Chapter 3.  Selecting the Next Node in the Search Tree

The order in which the nodes of the search tree are explored can strongly influence the performance of branch-and-cut algorithms. CBC give users complete control over the search order, including the ability to dynamically change the node selection logic as the search progresses. The search order is controlled via the CbcCompare... class, and its method test(). Dynamic changes can be made whenever

CBC provides an abstract base class, CbcCompareBase, and implementations of several commonly used node selection strategies as Compare Classes, see Table 3.1.

It is relatively simple for a user to create a customized node selection by creating a new compare class instances. The code in Example 3.1 describes how to build a new comparison class and the reasoning behind it. The complete source can be found in CbcCompareUser.hpp and CbcCompareUser.cpp, located in the CBC Samples directory. Besides the constructor, the only method the user -must- implement in CbcCompare is bool test(CbcNode* x, CbcNode* y)) which returns true if node y is preferred over node x. In the test() method, information from CbcNode can easily be used. Table 3.2 lists some commonly used methods to access information at a node.

The node desired in the tree is often a function of the how the search is progressing. In the design of CBC, there is no information on the state of the tree. The CBC is designed so that the method newSolution() is called whenever a solution is found and the method every1000Nodes() is called every 1000 nodes. When these methods are called, the user has the opportunity to modify the behavior of test() by adjusting their common variables (e.g., weight_). Because CbcNode has a pointer to the model, the user can also influence the search through actions such as changing the maximum time CBC is allowed, once a solution has been found (e.g., CbcModel::setMaximumSeconds(double value)). In CbcCompareUser.cpp of the COIN/Cbc/Samples directory, four items of data are used.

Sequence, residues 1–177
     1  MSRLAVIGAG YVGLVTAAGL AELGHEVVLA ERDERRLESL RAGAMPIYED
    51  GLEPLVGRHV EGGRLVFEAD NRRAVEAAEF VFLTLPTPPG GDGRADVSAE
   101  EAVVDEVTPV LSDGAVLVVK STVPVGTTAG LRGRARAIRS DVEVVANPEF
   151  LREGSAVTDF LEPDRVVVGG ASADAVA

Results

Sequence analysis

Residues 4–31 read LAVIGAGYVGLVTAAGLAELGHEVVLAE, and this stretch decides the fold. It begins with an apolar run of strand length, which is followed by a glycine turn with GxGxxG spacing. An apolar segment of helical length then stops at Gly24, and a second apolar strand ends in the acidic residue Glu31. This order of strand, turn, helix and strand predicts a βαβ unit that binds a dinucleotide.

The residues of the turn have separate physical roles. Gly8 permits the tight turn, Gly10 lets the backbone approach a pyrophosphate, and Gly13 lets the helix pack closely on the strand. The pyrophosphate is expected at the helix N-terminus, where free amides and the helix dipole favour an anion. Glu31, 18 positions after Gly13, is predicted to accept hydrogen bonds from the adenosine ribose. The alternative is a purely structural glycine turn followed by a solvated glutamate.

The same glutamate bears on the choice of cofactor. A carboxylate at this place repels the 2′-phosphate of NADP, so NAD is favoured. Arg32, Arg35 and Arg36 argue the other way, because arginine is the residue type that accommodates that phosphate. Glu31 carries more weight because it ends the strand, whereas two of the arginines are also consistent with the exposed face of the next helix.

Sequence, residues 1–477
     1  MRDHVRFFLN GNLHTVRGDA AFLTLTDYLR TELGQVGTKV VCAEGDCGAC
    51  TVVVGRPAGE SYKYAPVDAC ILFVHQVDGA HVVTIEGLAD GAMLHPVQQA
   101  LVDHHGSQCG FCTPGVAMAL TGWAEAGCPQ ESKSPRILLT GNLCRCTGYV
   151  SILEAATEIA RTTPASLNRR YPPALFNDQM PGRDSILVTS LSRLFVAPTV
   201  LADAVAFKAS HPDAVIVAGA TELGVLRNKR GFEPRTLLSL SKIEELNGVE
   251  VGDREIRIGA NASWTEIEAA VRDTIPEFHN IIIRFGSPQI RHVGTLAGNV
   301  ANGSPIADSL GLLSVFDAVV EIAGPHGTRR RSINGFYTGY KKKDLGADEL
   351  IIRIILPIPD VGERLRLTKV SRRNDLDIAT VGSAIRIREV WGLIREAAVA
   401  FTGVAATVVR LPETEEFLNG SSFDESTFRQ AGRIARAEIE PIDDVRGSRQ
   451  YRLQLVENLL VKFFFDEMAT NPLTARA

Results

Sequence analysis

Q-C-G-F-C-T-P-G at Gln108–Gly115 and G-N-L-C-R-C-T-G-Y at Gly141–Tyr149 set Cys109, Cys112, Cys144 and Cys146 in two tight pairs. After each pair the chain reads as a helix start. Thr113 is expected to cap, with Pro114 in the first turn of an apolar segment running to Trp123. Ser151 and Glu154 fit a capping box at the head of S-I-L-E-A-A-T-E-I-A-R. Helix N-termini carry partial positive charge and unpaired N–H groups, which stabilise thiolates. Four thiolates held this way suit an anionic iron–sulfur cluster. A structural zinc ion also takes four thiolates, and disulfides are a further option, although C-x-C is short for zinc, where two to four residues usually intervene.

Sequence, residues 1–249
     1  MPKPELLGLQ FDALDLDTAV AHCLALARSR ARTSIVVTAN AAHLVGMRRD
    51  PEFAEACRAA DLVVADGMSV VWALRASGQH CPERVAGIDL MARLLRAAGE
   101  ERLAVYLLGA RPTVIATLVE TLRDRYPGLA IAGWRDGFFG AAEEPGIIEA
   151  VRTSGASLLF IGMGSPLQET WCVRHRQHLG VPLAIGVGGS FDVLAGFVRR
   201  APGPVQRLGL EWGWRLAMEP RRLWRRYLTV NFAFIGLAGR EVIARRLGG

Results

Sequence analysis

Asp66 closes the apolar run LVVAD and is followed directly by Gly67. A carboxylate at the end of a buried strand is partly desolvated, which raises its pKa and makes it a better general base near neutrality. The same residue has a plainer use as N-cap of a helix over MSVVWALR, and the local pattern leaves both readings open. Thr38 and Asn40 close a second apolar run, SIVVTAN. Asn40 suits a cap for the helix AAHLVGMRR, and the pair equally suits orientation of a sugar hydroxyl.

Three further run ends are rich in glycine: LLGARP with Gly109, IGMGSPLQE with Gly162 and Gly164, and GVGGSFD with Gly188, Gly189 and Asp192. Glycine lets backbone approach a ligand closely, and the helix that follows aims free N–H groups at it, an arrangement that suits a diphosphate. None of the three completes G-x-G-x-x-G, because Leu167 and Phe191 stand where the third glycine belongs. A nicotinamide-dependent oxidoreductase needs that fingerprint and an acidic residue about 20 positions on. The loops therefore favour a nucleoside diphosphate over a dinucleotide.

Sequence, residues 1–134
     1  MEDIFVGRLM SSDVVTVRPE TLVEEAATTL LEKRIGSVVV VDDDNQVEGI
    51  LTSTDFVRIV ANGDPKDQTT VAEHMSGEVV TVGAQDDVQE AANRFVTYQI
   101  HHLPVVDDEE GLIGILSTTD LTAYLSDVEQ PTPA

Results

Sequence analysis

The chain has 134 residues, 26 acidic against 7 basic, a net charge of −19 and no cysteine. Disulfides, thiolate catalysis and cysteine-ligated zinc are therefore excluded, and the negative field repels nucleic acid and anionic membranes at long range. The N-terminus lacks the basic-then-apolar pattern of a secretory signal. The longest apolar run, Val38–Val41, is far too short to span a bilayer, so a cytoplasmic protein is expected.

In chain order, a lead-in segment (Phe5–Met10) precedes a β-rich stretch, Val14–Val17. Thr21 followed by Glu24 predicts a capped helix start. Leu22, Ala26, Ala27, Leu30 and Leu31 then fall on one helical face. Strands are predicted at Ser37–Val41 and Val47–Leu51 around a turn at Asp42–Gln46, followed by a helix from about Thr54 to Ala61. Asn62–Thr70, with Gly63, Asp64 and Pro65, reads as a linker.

Initially, weight_ is -1.0 and the search is biased towards depth first. In fact, test() prefers y if y has fewer unsatisfied variables. In the case of a tie, test() prefers the node with the greater depth in tree. The full code for the CbcCompareUser::test() method is given in Example 3.1.

CBC calls the method newSolution() after a new solution is found. The method newSolution() interacts with test() by means of the variable weight_. If the solution was achieved by branching, a calculation is made to determine the cost per unsatisfied integer variable to go from the continuous solution to an integer solution. The variable weight_ is then set to aim at a slightly better solution. From then on, test() returns true if it seems that y will lead to a better solution than x. This source for newSolution() in given in Example 3.2.

As the search progresses, the comparison can be modified. If many nodes (or many solutions) have been generated, then weight_ is set to 0.0 leading to a breadth-first search. Breadth-first search can lead to an enormous tree. If the tree size is exceeds 10000, it may be desirable to return to a search biased towards depth first. Changing the behavior in this manner is done by the method every1000Nodes shown in Example 3.3.